1 bag of 15-bean mixed dry beans, quick soaked. (When they're rinsed and ready to go, you can add meat or vegetable stock to boost the flavor if you're not adding any meat.) Throw in:
2 chopped onions
2 to 4 garlic cloves, crushed
several diced roma tomatoes (or 2 cans of cut up stewed or diced tomatoes)
diced mild green chilis (or a can of Ro-tel)
diced carrots
a bay leaf
a bit of thyme

If you have a hambone with maybe some meat on it, that's a fantastic addition for non-vegetarians. Simmer it all for 1 1/2 hours to 2 hours. Salt and pepper to taste.
You can add pretty nearly anything to this, chicken, celery, Andouille sausage, whatever you like. You may want to freeze half for quick meals later. It goes a long way.
thesinglecook June 10, 2014
I agree that beans are a great way to create a healthy meal for the cheap! I make Black Bean Soup using only 3 cans of black beans or a hearty Lentil Soup. Also, you mentioned having a go to "formula" for weeknights when money is tight. Mine is the "pull almost every veggie you have out of the fridge and roast em!" formula. Last night, I found a bag of carrots, 2 sweet potatoes and a red onion. Wasn't sure how they would come out roasted but they were so delicious. My protein was a Cornish Hen that I roasted on top of the veggies. Hens are another cheap protein, perfect for a single cook like me!
BavarianCook June 6, 2014
We cook from scratch and take lunches to work. Nothing gets wasted, and it's fun to create a new meal around leftovers. I always have bulk pork or chicken sausage portioned in 1/4 lb chunks in the freezer - that can thaw quickly in a pan when making a one-pan dinner of potatoes, eggs, meat and some veggies added to it. Most recipes call for more meat than needed, and I find that I can often use half and increase the amount of beans/vegetables/pasta instead. The freezer is my friend!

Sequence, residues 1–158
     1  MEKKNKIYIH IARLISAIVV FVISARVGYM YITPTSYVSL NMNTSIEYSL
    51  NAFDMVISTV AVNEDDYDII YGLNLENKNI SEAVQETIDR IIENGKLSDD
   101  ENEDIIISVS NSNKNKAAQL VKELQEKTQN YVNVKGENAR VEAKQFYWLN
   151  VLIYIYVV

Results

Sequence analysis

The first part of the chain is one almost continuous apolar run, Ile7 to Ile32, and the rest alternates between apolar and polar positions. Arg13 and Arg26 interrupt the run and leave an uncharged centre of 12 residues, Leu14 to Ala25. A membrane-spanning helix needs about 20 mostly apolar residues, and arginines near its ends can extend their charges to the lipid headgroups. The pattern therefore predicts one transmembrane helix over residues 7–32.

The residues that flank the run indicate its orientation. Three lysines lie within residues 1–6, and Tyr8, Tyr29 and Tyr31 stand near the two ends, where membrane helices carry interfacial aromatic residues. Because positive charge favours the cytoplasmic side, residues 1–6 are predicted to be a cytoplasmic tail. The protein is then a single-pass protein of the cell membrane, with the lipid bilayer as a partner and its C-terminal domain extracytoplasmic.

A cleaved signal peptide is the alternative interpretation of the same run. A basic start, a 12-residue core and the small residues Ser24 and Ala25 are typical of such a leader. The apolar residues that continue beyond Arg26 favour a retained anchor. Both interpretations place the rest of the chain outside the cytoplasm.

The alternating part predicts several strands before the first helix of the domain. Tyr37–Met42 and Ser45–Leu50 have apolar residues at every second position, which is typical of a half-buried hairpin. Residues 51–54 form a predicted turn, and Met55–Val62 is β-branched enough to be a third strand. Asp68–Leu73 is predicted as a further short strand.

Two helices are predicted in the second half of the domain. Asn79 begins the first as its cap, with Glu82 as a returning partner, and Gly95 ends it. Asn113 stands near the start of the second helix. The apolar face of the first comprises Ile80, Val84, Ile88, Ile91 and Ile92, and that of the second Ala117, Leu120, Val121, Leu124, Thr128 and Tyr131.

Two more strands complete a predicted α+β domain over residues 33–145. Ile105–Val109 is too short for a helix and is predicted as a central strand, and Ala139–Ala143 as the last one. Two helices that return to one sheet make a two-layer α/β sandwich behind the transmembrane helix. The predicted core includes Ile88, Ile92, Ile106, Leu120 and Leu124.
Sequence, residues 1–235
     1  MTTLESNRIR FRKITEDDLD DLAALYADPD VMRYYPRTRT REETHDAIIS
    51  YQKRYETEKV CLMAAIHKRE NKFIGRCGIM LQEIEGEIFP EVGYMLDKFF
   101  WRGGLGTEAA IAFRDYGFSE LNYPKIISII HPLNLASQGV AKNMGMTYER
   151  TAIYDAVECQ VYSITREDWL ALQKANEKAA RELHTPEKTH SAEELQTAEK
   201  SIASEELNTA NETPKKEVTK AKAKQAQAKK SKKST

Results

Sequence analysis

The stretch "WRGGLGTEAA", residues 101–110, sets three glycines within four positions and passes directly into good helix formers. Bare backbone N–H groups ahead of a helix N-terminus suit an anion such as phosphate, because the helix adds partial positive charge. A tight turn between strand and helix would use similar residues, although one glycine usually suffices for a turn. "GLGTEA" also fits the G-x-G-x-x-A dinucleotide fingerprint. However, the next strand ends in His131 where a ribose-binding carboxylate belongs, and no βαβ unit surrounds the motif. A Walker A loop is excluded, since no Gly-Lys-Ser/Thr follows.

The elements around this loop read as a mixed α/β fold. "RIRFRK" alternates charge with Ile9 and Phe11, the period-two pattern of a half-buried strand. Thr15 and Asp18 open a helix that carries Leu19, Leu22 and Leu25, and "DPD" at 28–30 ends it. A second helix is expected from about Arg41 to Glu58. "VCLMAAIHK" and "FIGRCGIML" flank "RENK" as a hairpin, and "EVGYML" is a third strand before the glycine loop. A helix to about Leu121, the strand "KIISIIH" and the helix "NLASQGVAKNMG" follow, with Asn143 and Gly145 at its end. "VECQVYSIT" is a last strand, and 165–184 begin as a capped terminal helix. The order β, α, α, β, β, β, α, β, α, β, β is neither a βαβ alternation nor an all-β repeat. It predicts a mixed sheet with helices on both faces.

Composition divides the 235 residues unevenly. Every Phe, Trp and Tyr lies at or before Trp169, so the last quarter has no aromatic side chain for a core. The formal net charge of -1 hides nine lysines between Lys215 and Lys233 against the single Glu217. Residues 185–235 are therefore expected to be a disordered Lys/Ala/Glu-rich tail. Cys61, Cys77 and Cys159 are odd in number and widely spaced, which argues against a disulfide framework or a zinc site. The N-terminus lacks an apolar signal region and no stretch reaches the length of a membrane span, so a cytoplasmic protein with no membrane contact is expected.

Mary H. June 2, 2014
Buy peppers, sweet onions or shallots, mushrooms, etc. when they're on sale, then chop them, place them in reclosable bags and freeze them in a flat sheet. (You can cook and season them as you like, if you wish, ie; mushrooms and onions with a little bit of bacon.)
You can break off a piece when you need a quick boost of flavor for a soup, stir fry, grilled sandwiches or a quick omelette.
Mrs. R. June 1, 2014
Very inspiring, thanks. Please see my comment to Enyaj for a simple 4 ingredient leftover using recipe.